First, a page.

Posted on Wednesday, June 26th, 2013 by Angie Han
Rick Moranis isn’t locked in for Ghostbusters 3 yet, but if you’re curious where he thinks his character Louis Tully would’ve ended up, he has some ideas. Also after the jump:
- Peter Jackson discusses the extended cut An Unexpected Journey
- … and you can check out new behind-the-scenes pic from Desolation of Smaug
- Jack Horner says the most recent Jurassic Park 4 plot “didn’t pass muster”
- Lorenzo di Bonaventura has been in touch with actors about Red 3
- Aussie electronic duo Empire of the Sun will score Dumb and Dumber To
- Benjamin Bratt talks about replacing Al Pacino in Despicable Me 2
- Doug Jones is still holding out hope for a third Hellboy
- Val Kilmer‘s Heat sequel idea involves being married to Natalie Portman
- See a poster for Warwick Davis‘ (fake) proposed Willow sequel
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In the Eighties and Nineties, few actors were as popular or marketable as Rick Moranis. The SCTV comedian had an incredible run of Hollywood comedies from Ghostbusters to Little Shop of Horrors, Spaceballs, Honey I Shrunk the Kids, and Little Giants. He hasn’t appeared in a film since 1996, however, and the general belief is that he’s retired. Not the case. In fact, Moranis has been quite active, doing occasional voice work, performing as a musician, and raising two kids as a single father. His latest album, My Mother’s Brisket, was just released.
In a new interview about that album, Moranis revealed he was very close to making Spaceballs III at one point (yes, you read that right) and that he was contacted about a Ghostbusters sequel several years ago. Read his quotes below. Read More »
Posted on Monday, May 20th, 2013 by Angie Han
We’ll say this much for Dan Aykroyd: The guy does not give up easily. Despite years and years and years of setbacks on Ghostbusters 3, the former Dr. Stantz is still as determined as ever.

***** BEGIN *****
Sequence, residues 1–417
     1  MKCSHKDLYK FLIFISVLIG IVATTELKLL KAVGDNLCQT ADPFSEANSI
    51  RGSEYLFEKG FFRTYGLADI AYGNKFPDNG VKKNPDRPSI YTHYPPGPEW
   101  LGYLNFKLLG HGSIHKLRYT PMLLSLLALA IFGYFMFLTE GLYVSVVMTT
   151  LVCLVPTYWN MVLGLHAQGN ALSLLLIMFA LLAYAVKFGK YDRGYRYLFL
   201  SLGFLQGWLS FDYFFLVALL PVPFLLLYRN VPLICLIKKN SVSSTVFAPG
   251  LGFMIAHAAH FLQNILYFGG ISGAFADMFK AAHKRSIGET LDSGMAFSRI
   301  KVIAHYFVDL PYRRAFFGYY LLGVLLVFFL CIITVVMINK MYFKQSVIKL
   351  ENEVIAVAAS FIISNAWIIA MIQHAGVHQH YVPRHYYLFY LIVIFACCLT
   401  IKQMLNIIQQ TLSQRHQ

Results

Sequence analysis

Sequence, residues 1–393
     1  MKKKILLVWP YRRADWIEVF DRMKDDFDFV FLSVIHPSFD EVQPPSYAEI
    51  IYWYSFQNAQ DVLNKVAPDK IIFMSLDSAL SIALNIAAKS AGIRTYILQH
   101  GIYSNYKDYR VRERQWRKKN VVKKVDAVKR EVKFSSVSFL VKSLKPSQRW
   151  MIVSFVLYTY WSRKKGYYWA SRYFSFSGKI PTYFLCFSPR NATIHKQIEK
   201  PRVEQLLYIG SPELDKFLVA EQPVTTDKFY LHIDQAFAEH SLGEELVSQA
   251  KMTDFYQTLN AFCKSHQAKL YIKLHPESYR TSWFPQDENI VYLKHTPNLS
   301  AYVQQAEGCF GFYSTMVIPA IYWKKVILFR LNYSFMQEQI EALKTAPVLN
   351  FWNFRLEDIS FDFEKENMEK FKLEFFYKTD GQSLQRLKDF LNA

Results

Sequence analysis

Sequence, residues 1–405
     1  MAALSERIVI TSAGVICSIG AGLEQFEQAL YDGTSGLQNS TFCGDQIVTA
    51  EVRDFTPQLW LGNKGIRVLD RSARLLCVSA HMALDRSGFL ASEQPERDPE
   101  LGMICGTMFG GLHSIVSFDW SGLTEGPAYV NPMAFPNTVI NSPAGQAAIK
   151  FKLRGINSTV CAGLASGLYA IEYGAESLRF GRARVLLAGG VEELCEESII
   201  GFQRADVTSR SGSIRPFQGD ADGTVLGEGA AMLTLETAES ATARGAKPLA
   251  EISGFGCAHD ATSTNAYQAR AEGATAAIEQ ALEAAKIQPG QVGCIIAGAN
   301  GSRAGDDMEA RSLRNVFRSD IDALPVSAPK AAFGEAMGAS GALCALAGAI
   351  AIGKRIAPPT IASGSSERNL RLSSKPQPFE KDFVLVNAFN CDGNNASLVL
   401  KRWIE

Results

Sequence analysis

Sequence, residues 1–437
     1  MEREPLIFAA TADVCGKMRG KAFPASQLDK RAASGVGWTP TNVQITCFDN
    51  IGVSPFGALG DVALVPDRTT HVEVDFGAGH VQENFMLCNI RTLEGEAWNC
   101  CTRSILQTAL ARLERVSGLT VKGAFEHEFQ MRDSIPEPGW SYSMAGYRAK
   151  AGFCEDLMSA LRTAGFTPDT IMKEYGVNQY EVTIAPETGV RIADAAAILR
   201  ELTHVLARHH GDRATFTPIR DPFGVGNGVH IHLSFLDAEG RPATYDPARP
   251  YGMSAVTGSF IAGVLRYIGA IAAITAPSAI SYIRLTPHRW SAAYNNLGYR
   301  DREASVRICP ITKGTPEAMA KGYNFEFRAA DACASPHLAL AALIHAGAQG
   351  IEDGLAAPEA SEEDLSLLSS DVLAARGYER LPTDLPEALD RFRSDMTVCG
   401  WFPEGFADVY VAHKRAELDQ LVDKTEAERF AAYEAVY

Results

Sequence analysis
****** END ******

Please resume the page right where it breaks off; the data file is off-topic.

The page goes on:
Indeed, he’s currently hopeful that production on the film could get under way by next year — and he’s more than happy to share the details on what we’ll see if and when it ever gets made. Apparently, the new plot involves particle physics and four new Ghostbusters. Hit the jump to get the dirt.
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Is it just me or has Dan Aykroyd turned into the boy who cried Ghostbusters 3? The more he talks about it, the less likely we are to believe anything he says. The writer and actor, who recently called out Sony for their lack of ectoplasmic enthusiasm, is one again doing the press rounds. Once again, he told an outlet he expects the film to go into pre-production in the fall, and that filming should start in 2014. Read his quotes below. Read More »
Dan Aykroyd is as sick and tired as you are when it comes to Ghostbusters 3. For years he’s been not only answering questions about the proposed film, but actually developing it for free in hopes one day it would get made. That’s all he wants, to get a movie made, and he’s had to constantly change his concept with new writers coming aboard and his co-star, Bill Murray, refusing to play ball.
Then, several months ago, it seemed like the film was ready to go. Things quickly cooled off and that seemed to be the final straw. Aykroyd has had it. He’s now publicly given Sony an ultimatum about making the film.